I might also suggest skipping using a texture array here and just pass in a regular 2D texture that's 1 pixel high and the max number of impacts wide. There's often some hidden memory overhead to using a texture array, though a 1 pixel texture probably won't make that overhead noticeable.

    In the Custom Function node you'd pass in the texture property, a max count, and then use something like this to actually sample the texture:

    Code (csharp):
    1. // Inputs
    2. // Texture2D : PositionAndRadius
    3. // Vector1 : Count
    4. // Vector3 : WorldPos
    5. // Vector1 : RippleRadius
    6. // Vector1 : RippleWidth
    7. // Vector1 : RippleMaxRadius
    8. // Output
    9. // Vector1 : Out
    10.  
    11. for (int i=0; i<Count; i++)
    12. {
    13.   float4 posAndRadius = LOAD_TEXTURE2D(PositionAndRadius, int2(0, i));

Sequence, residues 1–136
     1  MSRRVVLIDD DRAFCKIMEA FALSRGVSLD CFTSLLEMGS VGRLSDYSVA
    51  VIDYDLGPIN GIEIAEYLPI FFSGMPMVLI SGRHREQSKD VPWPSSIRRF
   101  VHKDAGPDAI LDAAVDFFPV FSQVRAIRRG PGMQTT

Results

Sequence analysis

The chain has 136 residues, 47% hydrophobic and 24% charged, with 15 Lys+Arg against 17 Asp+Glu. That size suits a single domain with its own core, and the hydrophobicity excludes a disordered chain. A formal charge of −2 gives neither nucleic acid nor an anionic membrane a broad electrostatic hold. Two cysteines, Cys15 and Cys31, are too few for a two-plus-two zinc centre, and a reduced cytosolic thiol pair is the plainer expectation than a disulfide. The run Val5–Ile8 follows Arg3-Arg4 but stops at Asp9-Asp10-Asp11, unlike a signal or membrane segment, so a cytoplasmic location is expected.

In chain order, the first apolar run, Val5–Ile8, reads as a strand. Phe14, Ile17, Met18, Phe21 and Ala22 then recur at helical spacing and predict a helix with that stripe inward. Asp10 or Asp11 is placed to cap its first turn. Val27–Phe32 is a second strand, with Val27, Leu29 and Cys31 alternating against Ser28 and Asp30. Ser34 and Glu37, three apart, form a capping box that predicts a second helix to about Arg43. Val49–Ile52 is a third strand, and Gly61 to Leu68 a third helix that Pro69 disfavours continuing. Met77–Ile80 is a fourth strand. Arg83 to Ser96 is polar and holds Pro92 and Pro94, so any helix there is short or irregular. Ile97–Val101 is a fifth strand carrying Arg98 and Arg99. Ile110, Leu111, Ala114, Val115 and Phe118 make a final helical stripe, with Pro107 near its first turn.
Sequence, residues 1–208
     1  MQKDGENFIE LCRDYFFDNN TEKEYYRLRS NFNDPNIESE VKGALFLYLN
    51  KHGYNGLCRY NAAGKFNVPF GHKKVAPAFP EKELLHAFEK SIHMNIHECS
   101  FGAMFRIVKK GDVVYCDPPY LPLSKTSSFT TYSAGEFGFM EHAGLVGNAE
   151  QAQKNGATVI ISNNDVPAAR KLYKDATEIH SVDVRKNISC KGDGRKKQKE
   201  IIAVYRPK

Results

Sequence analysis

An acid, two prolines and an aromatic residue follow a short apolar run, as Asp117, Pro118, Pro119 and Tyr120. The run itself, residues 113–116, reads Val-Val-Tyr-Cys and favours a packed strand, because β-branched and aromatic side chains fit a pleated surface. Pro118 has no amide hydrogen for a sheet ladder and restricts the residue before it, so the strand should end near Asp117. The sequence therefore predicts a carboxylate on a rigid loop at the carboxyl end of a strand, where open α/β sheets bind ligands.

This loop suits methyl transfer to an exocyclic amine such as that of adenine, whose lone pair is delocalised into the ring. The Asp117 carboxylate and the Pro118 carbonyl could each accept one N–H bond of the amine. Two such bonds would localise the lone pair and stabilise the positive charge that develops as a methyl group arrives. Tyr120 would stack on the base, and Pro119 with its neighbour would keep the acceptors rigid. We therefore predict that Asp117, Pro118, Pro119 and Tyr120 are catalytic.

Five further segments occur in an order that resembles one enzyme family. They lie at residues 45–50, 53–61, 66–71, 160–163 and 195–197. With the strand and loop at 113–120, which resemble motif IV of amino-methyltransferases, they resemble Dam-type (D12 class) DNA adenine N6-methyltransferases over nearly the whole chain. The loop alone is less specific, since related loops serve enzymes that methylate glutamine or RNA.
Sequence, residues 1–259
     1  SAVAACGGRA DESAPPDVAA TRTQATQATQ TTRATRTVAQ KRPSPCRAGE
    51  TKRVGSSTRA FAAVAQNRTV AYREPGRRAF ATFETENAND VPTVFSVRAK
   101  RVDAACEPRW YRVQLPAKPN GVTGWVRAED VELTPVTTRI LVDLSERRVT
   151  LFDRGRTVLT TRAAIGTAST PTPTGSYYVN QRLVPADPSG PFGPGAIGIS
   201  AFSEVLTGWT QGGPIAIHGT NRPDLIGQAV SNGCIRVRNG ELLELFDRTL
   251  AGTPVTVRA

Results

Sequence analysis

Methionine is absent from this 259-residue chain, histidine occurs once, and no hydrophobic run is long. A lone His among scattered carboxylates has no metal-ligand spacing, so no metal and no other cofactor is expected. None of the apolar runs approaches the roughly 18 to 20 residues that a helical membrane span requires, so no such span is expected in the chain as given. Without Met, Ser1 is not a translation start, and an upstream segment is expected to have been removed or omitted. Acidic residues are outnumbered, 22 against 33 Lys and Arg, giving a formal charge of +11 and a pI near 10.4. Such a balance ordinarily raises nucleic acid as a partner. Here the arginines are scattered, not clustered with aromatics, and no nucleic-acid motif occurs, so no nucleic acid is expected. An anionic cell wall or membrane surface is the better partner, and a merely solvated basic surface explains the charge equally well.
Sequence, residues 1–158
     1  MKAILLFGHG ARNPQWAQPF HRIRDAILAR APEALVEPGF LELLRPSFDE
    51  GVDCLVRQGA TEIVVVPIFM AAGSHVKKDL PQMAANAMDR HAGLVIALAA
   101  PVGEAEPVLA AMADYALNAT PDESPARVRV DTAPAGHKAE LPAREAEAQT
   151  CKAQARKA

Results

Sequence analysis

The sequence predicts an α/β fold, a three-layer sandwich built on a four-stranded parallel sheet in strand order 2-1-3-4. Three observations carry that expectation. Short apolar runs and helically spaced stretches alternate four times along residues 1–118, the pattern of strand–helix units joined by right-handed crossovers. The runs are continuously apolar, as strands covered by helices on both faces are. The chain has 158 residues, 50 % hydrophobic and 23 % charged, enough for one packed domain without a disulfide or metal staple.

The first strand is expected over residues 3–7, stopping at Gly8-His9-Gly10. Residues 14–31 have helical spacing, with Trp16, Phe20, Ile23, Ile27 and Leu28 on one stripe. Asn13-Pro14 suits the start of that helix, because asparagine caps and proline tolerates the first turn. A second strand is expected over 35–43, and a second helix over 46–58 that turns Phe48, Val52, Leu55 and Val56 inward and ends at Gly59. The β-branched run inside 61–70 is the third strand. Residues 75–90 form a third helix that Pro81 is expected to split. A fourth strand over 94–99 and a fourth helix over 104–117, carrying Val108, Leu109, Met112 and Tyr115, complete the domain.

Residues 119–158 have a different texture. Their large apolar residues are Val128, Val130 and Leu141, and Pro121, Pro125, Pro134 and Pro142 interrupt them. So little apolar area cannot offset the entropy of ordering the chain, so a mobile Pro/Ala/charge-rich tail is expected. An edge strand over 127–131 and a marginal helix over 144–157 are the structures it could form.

14.   float ripple = length(worldPos - posAndRadius.xyz) - posAndRadius.w * RippleRadius;
    15.   ripple = cos(clamp(ripple * 3.1415 / RippleWidth, -3.1415, 3.1415));
    16.   Out = max(Out, ripple);
    17. }
    18.  
    19. Out *= 1 - (RippleRadius / RippleMaxRadius);
     
    alexandral_unity likes this.
  12. impman

    impman

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    I am using HDRP and 2019.1, so will looking into this after work.

    I did however try a single texture with multiple pixels, and while it did work, the ripples would merge with each other rather than be independent and overlap.

    It is something I can try again when I have tweaked the lifespan of the ripple and its overall effect and see which version I prefer.

    Thanks for the code example!
    Off to work, will update when I have made some progress :)
     
  13. bgolus

    bgolus

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    Using a Texture2D and point sampling / loading individual pixel values should produce identical results as sampling a single layer of a 1x1 pixel texture array. If you were getting different results it would be due to implementation differences rather than functionality.